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Deal or no deal? The effect of alcohol drinking on bargaining

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  • Au, Pak Hung
  • Zhang, Jipeng

Abstract

Alcohol drinking during business negotiation is a very common practice, particularly in some East Asian countries. Does alcohol consumption affect negotiator's strategy and consequently the outcome of the negotiation? If so, what is the mechanism through which alcohol impacts negotiator's behavior? We investigate the effect of a moderate amount of alcohol on negotiation using controlled experiments. Subjects are randomly matched into pairs to play a bargaining game with adverse selection. In the game, each subject is given a private endowment. The total endowment is scaled up and shared equally between the pair provided that they agree to collaborate. It is found that a moderate amount of alcohol consumption increases subjects’ willingness to collaborate, thus improving their average payoff. We find that alcohol consumption increases neither subjects’ preference for risk nor altruism. A possible explanation for the increase in the likelihood of collaboration is that subjects under the influence of alcohol are more “cursed” in the sense of Eyster and Rabin (2005), which is supported by the estimation results of a structural model of quantal response equilibrium.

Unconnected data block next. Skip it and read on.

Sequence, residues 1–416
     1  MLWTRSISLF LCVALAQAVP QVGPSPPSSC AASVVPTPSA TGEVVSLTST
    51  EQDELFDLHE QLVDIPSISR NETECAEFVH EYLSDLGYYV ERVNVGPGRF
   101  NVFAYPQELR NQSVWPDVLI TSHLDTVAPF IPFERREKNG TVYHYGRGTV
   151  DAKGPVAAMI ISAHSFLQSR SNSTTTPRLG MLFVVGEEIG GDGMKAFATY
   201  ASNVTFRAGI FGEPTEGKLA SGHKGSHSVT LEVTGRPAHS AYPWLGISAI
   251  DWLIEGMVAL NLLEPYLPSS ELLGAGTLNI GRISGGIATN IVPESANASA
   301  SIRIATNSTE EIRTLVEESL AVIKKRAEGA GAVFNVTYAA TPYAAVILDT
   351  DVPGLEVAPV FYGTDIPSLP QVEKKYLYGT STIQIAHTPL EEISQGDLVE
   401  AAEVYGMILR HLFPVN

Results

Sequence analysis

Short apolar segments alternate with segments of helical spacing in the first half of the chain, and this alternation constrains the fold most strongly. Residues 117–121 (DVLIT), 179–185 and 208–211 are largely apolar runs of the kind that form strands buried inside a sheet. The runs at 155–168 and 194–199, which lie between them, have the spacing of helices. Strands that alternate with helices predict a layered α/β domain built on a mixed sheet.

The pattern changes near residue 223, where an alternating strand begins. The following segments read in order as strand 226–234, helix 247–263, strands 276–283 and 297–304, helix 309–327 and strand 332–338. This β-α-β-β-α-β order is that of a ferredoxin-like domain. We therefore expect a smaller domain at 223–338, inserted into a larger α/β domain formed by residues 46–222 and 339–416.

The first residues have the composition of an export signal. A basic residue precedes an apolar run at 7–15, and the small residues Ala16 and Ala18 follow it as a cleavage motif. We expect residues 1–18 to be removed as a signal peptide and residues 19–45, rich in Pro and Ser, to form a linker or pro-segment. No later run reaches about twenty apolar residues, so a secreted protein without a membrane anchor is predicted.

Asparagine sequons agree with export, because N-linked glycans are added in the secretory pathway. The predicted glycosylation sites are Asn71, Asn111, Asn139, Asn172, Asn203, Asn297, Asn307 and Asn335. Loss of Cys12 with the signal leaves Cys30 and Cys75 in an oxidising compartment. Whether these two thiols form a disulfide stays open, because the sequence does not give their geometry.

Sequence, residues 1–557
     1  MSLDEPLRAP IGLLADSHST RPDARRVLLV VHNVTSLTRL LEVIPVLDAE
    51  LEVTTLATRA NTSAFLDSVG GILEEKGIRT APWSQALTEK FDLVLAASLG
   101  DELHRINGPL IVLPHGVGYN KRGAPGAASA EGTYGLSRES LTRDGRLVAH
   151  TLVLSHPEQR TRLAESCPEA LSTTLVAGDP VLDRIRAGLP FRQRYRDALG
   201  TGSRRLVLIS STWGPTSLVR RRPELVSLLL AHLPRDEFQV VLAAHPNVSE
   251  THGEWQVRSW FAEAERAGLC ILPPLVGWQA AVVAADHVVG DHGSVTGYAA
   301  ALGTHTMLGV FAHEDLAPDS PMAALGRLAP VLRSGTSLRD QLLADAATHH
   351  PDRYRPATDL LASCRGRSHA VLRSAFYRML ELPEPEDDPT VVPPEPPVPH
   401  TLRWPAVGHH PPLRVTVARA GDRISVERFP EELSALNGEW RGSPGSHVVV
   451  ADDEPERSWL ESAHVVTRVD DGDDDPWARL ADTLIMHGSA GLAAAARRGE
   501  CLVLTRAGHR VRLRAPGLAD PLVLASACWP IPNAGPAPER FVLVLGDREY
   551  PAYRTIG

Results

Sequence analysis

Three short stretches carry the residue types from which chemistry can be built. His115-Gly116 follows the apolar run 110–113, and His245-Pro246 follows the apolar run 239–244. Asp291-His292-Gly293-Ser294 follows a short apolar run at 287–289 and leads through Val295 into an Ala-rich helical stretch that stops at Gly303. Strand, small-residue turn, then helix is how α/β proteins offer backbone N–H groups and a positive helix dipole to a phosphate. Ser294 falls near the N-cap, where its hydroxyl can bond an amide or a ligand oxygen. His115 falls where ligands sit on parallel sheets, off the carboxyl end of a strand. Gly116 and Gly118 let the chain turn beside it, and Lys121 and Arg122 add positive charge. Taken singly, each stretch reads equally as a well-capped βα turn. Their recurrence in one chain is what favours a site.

Suggested Citation

  • Au, Pak Hung & Zhang, Jipeng, 2016. "Deal or no deal? The effect of alcohol drinking on bargaining," Journal of Economic Behavior & Organization, Elsevier, vol. 127(C), pages 70-86.
  • Handle: RePEc:eee:jeborg:v:127:y:2016:i:c:p:70-86
    DOI: 10.1016/j.jebo.2016.04.011
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    References listed on IDEAS

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    1. Jeremy W. Bray, 2005. "Alcohol Use, Human Capital, and Wages," Journal of Labor Economics, University of Chicago Press, vol. 23(2), pages 279-312, April.
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    Cited by:

    1. Jianxin Wang & Daniel Houser, 2019. "An Economic Analysis of Business Drinking: Evidence from a Lab-in-the-field Experiment," Working Papers 1074, George Mason University, Interdisciplinary Center for Economic Science.

    More about this item

    Keywords

    Alcohol consumption; Bargaining; Cursed equilibrium; Adverse selection;

    JEL classification:

    • C72 - Mathematical and Quantitative Methods - - Game Theory and Bargaining Theory - - - Noncooperative Games
    • C92 - Mathematical and Quantitative Methods - - Design of Experiments - - - Laboratory, Group Behavior
    • D82 - Microeconomics - - Information, Knowledge, and Uncertainty - - - Asymmetric and Private Information; Mechanism Design
    • D83 - Microeconomics - - Information, Knowledge, and Uncertainty - - - Search; Learning; Information and Knowledge; Communication; Belief; Unawareness

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